Representation in film is a huge issue to tackle, arguably too big for the industry itself to fully interrogate and deal with. Twitter throws out its thoughts on how actors should be able to play any role, and that it doesn’t matter if Bryan Cranston plays a disabled character or Eddie Redmayne a transgender character in a film; it’s their job to put on the guise of another life, and to some extent, this is true. The actor is a chameleon, and it is their job to transform and move between narratives in order to tell a story. However, what slips past the casual viewer, even a liberal viewer who is happy to see the on-screen representation of disabled and trans bodies in films like The Upside and The Danish Girl, is that there is an inherent privilege that actors like Cranston or Redmayne have. Being a white, able-bodied, cis-gendered performer is advantageous because studios prefer to work with bodies that are marketable across as many genres, characters and narratives as possible, instead of disabled or transgender actors who have minimal opportunities to work in film as they are prescribed to solely play these identifiers rather than other characters, and even then, it’s Cranston and Redmayne taking the stories aligned with their experiences. In the case of age, gender, race and sexuality this also applies; while roles are more readily available, there are conventional archetypes that characters fall into and it is harder to find roles that offer nuance as those are saved for leading white, heterosexual men rather than the diverse bodies who support them on screen.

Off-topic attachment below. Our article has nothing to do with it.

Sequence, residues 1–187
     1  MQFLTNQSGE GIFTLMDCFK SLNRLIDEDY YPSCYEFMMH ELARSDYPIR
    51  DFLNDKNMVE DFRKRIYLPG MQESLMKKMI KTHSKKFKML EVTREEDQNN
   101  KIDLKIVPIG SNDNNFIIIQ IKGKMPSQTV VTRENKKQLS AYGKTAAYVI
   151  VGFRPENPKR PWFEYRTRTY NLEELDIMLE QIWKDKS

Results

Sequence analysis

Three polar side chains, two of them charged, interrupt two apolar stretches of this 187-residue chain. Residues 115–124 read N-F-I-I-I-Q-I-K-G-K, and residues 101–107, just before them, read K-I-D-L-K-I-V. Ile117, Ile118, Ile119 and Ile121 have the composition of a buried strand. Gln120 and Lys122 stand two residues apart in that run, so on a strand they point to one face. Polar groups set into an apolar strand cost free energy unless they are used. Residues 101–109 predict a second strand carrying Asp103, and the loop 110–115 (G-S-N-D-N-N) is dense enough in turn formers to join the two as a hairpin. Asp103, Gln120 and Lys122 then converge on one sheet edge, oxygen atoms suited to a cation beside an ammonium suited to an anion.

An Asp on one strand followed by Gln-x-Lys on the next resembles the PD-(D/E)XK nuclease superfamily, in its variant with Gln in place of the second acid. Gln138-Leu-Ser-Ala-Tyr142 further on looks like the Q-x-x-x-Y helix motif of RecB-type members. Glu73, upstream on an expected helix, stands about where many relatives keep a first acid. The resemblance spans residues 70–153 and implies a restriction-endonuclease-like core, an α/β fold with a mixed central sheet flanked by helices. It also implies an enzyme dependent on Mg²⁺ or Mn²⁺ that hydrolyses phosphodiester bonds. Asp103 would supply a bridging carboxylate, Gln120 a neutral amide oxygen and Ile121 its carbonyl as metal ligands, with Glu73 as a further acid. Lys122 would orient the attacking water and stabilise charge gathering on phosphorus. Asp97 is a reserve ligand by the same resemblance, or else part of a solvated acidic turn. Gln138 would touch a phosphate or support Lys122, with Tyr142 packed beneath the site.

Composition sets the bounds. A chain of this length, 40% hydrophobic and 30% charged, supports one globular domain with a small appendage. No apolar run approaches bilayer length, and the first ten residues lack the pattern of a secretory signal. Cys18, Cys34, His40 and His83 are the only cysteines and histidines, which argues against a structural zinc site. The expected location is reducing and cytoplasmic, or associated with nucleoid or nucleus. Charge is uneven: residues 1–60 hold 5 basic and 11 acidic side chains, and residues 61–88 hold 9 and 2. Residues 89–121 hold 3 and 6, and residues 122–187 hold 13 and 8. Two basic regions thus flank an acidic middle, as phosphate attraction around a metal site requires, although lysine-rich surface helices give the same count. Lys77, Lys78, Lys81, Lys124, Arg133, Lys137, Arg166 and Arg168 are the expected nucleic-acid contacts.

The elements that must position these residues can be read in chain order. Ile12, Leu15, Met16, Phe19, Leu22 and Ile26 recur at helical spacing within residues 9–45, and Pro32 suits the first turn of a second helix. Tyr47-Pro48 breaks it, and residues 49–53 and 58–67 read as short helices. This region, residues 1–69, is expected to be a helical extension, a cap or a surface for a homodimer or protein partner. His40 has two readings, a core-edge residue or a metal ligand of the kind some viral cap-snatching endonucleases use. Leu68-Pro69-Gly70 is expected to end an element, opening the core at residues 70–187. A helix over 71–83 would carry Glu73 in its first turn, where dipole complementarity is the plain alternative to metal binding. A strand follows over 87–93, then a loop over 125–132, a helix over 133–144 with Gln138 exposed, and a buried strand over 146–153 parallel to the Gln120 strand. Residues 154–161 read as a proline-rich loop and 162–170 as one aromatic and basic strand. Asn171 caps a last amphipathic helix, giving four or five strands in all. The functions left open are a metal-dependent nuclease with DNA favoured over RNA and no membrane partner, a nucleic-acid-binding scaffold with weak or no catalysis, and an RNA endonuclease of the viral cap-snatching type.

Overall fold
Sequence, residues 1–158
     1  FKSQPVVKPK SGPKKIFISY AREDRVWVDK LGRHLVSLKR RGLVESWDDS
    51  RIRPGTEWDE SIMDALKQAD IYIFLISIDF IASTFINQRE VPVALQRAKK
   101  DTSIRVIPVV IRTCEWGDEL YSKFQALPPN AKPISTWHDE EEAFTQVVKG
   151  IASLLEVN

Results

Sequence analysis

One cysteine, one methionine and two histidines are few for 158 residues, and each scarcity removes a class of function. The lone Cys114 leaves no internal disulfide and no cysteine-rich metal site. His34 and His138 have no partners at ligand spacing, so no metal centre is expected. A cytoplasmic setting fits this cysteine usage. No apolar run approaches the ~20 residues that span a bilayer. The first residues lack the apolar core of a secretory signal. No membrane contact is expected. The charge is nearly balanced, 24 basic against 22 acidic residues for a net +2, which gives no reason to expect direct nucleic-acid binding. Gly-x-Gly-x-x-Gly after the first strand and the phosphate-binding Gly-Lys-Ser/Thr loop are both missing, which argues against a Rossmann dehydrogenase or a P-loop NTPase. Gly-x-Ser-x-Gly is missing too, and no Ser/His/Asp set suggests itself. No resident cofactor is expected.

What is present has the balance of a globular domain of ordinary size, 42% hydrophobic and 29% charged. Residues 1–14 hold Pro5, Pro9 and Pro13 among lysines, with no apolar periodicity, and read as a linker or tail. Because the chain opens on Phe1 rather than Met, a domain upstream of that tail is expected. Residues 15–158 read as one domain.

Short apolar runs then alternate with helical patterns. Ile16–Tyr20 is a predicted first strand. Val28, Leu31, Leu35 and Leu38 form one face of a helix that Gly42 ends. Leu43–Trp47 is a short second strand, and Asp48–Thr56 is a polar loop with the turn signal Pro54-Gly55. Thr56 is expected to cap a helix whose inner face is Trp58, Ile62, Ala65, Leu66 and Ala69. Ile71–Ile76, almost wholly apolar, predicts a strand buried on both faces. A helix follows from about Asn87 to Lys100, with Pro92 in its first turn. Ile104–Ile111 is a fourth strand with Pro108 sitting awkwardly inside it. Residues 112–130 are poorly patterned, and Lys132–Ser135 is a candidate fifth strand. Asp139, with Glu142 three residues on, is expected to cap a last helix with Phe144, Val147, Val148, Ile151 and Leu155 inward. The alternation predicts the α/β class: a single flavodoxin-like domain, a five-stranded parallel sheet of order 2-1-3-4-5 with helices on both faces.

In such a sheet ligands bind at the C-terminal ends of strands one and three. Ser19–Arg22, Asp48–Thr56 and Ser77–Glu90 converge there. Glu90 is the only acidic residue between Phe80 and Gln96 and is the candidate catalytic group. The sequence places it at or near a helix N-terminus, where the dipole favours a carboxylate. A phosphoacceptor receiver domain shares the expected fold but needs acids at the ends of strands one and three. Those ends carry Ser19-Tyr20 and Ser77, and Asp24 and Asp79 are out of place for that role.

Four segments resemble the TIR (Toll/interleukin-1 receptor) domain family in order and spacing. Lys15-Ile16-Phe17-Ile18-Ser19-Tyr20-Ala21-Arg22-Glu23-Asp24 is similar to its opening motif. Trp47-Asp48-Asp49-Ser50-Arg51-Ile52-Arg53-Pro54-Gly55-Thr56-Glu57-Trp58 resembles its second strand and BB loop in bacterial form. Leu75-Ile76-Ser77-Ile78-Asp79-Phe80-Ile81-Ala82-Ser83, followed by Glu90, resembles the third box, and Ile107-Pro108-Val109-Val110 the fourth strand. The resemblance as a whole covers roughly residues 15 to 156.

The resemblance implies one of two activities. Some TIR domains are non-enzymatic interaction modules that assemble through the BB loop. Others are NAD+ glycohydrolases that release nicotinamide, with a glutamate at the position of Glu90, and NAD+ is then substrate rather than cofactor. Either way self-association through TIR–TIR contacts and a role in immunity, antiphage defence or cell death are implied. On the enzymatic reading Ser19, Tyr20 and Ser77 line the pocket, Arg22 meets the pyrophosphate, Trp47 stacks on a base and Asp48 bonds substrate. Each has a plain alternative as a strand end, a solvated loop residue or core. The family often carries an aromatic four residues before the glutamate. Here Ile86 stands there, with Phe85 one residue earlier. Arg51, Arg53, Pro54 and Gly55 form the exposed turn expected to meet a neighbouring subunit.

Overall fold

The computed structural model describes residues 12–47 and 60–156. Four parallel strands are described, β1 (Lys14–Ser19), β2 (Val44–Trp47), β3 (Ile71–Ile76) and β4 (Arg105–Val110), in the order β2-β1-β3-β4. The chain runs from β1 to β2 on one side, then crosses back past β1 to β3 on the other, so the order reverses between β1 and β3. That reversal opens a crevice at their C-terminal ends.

Film is an innately capitalist system where bodies are sold to an audience who want to see themselves and the idealised lives that they could lead. Profit stems from wealthy audience members who are typically older able-bodied straight white men with enough income to pay for themselves and their families to take regular trips to the cinema. Hollywood films are designed to make a profit. Genre films, franchises, type-casting: all of these are components that are manipulated by studios in order to bring audiences back again and again for more. Why risk something ‘experimental’ that the masses might reject when there’s already a winning formula that can reap millions of dollars?

This isn’t to say that changes aren’t underway in the industry. Black Panther is the first feature film in the Marvel Cinematic Universe to have a black director, screenwriters, lead character and a predominantly black cast. Crazy Rich Asians is the first all-Asian cast in a romantic comedy for twenty-five years. Even so, it still struggles with colourism: reducing multiple complex ethnic identities into a single race and erasing others in order to streamline for white audiences. This doesn’t undo the phenomenal work that went into this film and the success it has enjoyed, but underscores the steps that still need to be made in order to make sure the voices we hear are not homogenised.

Despite the success of these two films, the true step to make in terms of representation isn’t just to provide diverse narratives, it is to begin writing films with narratives just inhabited by people. In an interview for Widows, Viola Davis pointed out that she was attracted to the project because the lead character was a wife avenging her husband. ‘I’m dark, I’m 53, I’m in my natural hair – I’m in bed with Liam Neeson. And he’s not my slave owner. I’m not a prostitute. We simply are a couple in love.’ Representation is an important process in how we critique the hegemonic formula of Hollywood films, but diversity in casting where actors of all backgrounds have equal opportunity for a role and their race, gender, sexuality, age, ability serves to inform the character’s narrative, rather than becoming prescribed attributes on a producer’s checklist, should be our goal, for myself as a creative in the industry as well as all of us as consumers.


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